Many star systems seem to resemble our own Solar System: the planets orbit their host star in the same direction that the star spins. Admittedly, the data is still sparse: it’s not always possible to get that measurement. The brief version: you need the planet to transit or briefly eclipse its host star, and you need to be able to measure the small change in the star’s spectrum. This is most easily done when the planet is close in and relatively large—a class of exoplanets known as hot Jupiters, since they are big and close enough to experience extreme temperatures. Surprisingly, some of these hot Jupiters orbit their stars the wrong way, and this misalignment is difficult to explain within the standard theory of planet formation. However, a new model suggests that if the original star system had two stars, it would mess up the protoplanetary disk, leaving orbits askew.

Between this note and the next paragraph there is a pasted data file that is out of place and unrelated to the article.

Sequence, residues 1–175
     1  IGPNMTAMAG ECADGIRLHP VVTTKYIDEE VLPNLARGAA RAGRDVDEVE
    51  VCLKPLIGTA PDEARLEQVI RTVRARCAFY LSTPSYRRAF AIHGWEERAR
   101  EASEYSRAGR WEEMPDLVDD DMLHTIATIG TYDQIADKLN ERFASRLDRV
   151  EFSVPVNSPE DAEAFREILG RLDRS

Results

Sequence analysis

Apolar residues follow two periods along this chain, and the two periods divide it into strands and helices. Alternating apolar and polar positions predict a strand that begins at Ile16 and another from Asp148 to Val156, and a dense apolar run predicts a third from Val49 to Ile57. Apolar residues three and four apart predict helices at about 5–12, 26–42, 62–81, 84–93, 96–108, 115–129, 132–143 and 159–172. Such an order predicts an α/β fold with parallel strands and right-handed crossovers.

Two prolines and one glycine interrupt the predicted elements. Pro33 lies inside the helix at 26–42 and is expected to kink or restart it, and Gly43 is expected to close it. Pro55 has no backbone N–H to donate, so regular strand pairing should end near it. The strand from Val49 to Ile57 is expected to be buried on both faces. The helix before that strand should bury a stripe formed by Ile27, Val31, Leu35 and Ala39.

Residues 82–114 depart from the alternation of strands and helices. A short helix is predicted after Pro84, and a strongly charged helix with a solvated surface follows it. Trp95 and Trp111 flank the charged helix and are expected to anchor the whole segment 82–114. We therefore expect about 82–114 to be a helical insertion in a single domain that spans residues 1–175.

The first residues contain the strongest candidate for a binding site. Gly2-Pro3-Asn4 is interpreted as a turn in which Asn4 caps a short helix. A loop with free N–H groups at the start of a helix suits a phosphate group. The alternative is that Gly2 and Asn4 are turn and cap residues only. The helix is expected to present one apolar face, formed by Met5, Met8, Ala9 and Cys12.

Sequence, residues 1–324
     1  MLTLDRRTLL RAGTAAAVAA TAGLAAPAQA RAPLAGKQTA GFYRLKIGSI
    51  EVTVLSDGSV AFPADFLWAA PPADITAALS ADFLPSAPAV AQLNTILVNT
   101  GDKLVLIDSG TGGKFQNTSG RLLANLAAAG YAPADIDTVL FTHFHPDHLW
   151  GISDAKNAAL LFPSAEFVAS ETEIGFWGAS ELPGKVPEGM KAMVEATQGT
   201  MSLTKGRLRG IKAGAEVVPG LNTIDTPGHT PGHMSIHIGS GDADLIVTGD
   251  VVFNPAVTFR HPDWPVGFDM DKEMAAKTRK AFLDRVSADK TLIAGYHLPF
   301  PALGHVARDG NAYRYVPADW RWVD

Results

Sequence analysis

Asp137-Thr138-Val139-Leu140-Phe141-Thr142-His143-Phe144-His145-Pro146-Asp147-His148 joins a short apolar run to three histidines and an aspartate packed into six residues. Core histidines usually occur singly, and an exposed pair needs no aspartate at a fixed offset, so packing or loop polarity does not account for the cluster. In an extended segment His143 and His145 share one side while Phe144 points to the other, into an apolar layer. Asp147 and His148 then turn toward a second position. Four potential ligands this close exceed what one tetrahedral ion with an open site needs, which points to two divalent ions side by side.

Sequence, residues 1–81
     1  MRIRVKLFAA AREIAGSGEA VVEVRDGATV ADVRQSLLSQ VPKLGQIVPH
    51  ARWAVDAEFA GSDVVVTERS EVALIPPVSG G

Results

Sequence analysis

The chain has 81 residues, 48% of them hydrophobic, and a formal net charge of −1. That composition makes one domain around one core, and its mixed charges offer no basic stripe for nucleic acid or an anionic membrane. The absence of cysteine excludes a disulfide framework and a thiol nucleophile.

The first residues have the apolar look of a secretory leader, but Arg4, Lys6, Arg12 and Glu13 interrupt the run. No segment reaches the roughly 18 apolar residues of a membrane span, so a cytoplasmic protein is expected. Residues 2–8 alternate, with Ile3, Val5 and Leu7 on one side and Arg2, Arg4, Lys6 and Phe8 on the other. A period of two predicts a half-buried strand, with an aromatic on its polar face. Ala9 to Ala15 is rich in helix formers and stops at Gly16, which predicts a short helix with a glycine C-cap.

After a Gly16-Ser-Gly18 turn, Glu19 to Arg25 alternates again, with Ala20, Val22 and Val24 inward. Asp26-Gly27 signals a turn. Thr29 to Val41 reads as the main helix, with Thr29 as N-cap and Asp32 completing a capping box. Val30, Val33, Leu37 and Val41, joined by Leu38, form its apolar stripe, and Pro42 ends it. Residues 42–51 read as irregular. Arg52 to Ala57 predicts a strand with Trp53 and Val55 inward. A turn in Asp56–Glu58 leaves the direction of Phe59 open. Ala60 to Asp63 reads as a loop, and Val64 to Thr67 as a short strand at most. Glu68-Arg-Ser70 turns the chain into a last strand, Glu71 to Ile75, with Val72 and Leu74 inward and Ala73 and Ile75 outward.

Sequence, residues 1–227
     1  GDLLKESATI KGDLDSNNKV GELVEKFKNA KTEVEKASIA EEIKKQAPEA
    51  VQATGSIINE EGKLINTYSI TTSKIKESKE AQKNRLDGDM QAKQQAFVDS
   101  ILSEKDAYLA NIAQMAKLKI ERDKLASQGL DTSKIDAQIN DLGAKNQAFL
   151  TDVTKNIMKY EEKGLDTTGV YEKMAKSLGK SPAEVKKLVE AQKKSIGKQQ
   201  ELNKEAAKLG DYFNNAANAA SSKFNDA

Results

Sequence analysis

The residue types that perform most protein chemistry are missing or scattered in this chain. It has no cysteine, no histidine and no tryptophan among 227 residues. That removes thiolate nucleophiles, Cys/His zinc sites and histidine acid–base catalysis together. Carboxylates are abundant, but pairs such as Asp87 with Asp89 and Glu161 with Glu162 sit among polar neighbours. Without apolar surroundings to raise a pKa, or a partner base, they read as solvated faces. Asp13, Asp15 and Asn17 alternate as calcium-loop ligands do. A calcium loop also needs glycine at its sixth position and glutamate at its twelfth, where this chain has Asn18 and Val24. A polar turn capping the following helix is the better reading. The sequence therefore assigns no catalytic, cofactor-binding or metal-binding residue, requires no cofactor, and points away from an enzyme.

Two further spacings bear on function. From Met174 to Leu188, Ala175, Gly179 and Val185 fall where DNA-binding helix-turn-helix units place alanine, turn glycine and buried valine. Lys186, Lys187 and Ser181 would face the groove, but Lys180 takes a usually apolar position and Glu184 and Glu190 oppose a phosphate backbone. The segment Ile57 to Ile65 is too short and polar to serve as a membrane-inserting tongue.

In this revised model, strongly misaligned orbits are the result of another factor that influenced planet formation: a second star in the system. The gravitational influence of the companion star twisted the orbit of the exoplanet, pulling it out of alignment. And, in many cases, the star would leave little trace beyond the altered orbits: Sun-like stars often form in pairs or larger assemblies, but some of them evaporate over time. [Read more….]

On single-parent planethood and those hot, hot Jupiters